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Roving Periscope: Trump sacks defense chief, keeps others guessing

Virendra Pandit 

New Delhi: Many had rightly guessed that even if he loses the Presidential election, an unconventional Donald Trump would not easily bow out of power in January 2021. He would first give a spirited fight to his adversary. But few had guessed that he would start doing so by sacking his own Defense Secretary just 70 days before he is himself out of the White House.

Now, this is what in the US is now known as ‘Trumpism’: digging the pitch if you cannot play the match. Since coming to power as the 45th President in January 2017, he sacked hundreds of key officials and continues to do so even 70 days from now, before he becomes the former President.

On Monday, he tweeted to fire his Defense chief, and may also sack the CIA head anytime now, media reports suggested.

Many thought Trump would do something startling. That is why Russia and China have yet to congratulate his successor, President-elect Joe Biden: before greeting the newcomer, they want to make doubly sure that the incumbent is really, really, leaving the White House. They are awaiting the outcome of the court cases the Trump team has filed or is going to file, challenging Biden’s victory.

A day after Biden’s team urged Emily Murphy, the Trump-appointed chief of the General Services Administration (GSA), to approve official transition process for the next administration since the US’ national security and economy depended on it, Trump struck hard: he replaced Defense Secretary Mark Esper with Christopher Miller, who was only recently confirmed as Director of the National Counterterrorism Center.

Along with Secretary of State Mike Pompeo, Esper’s had visited India for a key meeting in October with his Indian counterpart Rajnath Singh in New Delhi as part of the 2+2 dialogue.

Esper’s sacking is being seen by current and former officials with alarm and concern, which could upset an already tumultuous transition to a new administration.

The move came amid tensions Trump had with Esper who had publicly opposed using active-duty U.S. troops to quell protests against racial injustice in June, and his endorsement of renaming military bases that honor Confederate generals.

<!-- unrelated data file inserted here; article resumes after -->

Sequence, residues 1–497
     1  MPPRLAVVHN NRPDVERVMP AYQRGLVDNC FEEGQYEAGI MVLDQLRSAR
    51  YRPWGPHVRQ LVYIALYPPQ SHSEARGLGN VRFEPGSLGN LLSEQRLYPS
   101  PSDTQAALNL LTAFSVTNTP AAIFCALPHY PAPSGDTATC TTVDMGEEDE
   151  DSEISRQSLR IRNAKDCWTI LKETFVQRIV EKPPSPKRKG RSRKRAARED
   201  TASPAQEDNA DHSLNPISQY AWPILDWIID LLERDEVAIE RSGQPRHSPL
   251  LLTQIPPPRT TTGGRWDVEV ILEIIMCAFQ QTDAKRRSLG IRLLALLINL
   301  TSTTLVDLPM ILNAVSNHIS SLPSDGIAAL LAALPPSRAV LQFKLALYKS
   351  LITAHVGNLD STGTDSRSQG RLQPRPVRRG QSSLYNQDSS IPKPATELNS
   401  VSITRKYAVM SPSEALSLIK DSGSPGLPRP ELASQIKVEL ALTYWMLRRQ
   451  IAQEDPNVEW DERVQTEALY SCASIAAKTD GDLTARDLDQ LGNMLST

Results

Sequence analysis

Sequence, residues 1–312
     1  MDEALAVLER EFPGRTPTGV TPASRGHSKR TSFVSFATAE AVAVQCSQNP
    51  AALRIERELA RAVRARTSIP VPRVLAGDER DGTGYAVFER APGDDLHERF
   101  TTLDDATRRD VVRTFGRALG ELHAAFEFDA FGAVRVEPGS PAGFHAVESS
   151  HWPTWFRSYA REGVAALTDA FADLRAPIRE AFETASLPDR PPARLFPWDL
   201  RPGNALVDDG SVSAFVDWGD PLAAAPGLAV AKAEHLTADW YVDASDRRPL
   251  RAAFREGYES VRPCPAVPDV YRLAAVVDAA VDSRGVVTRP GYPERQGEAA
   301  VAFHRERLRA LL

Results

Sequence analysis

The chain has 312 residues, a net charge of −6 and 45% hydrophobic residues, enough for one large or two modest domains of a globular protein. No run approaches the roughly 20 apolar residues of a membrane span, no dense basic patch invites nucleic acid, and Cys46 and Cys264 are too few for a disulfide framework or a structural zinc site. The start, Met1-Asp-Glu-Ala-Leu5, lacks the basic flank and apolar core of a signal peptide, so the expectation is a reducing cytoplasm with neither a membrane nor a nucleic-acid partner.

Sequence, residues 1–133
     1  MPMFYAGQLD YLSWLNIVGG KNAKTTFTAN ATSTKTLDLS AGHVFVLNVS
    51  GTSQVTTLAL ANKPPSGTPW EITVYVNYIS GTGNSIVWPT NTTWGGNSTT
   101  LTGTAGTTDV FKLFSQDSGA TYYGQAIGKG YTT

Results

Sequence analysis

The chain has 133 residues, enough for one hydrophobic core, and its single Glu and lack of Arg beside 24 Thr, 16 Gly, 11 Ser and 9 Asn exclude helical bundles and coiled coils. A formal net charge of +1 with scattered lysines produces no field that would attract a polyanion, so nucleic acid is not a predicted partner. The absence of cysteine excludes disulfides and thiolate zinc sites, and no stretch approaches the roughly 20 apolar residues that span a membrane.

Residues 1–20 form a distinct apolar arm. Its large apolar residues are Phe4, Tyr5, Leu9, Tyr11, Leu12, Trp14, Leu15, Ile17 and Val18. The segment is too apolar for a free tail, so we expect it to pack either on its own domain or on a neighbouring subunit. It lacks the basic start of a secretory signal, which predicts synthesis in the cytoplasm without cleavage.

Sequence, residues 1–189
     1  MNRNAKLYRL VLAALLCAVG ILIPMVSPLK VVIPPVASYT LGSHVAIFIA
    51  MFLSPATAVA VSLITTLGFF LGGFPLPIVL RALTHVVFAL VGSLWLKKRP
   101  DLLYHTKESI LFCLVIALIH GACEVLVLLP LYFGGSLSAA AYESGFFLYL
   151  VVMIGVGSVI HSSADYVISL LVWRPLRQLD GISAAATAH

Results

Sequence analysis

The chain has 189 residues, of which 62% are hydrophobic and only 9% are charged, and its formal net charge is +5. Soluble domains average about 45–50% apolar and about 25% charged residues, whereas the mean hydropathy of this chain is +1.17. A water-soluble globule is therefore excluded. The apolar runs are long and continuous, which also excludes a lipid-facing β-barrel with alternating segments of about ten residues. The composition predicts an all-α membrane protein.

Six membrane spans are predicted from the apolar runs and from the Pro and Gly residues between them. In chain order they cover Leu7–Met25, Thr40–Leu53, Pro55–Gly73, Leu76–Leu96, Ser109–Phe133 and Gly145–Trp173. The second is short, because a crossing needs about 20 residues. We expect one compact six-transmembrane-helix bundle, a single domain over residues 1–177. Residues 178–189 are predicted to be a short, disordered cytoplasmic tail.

“Chris will do a GREAT job! Mark Esper has been terminated. I would like to thank him for his service,” Trump tweeted. White House Chief of Staff Mark Meadows informed Esper of his termination before Trump’s tweet!

The move marks another Trump firing by tweet after he removed his Secretary of State Rex Tillerson by surprise two years ago while the top diplomat was traveling in Africa.

Veteran Pentagon officials reacted to the sudden news with a mixture of shock and anger.

“It’s unprecedented, it’s absolutely crazy,” said Jim Townsend, a former deputy assistant secretary of defense. “There’s no practical reason to do this, except for personal vengeance.”

Now Trump is also said to be considering sacking his CIA chief, Gina Haspel, who fell afoul of the President after she opposed declassifying unverified Russian intelligence that claimed that the Democrats tried to create a scandal about Trump’s ties to Russia ahead of the 2016 elections.

On Friday last, the White House also fired Bonnie Glick, deputy head of the top U.S. foreign aid agency, U.S. Agency for International Development, and appointed her deputy John Barsa in her place as the de facto head.

These steps could have a compounding effect on a possible Biden administration’s flexibility to set its own course on Pentagon policy after Inauguration Day. Trump officials may also be reluctant to aid in a smooth transition to the next administration, for fear of incurring the White House’s wrath.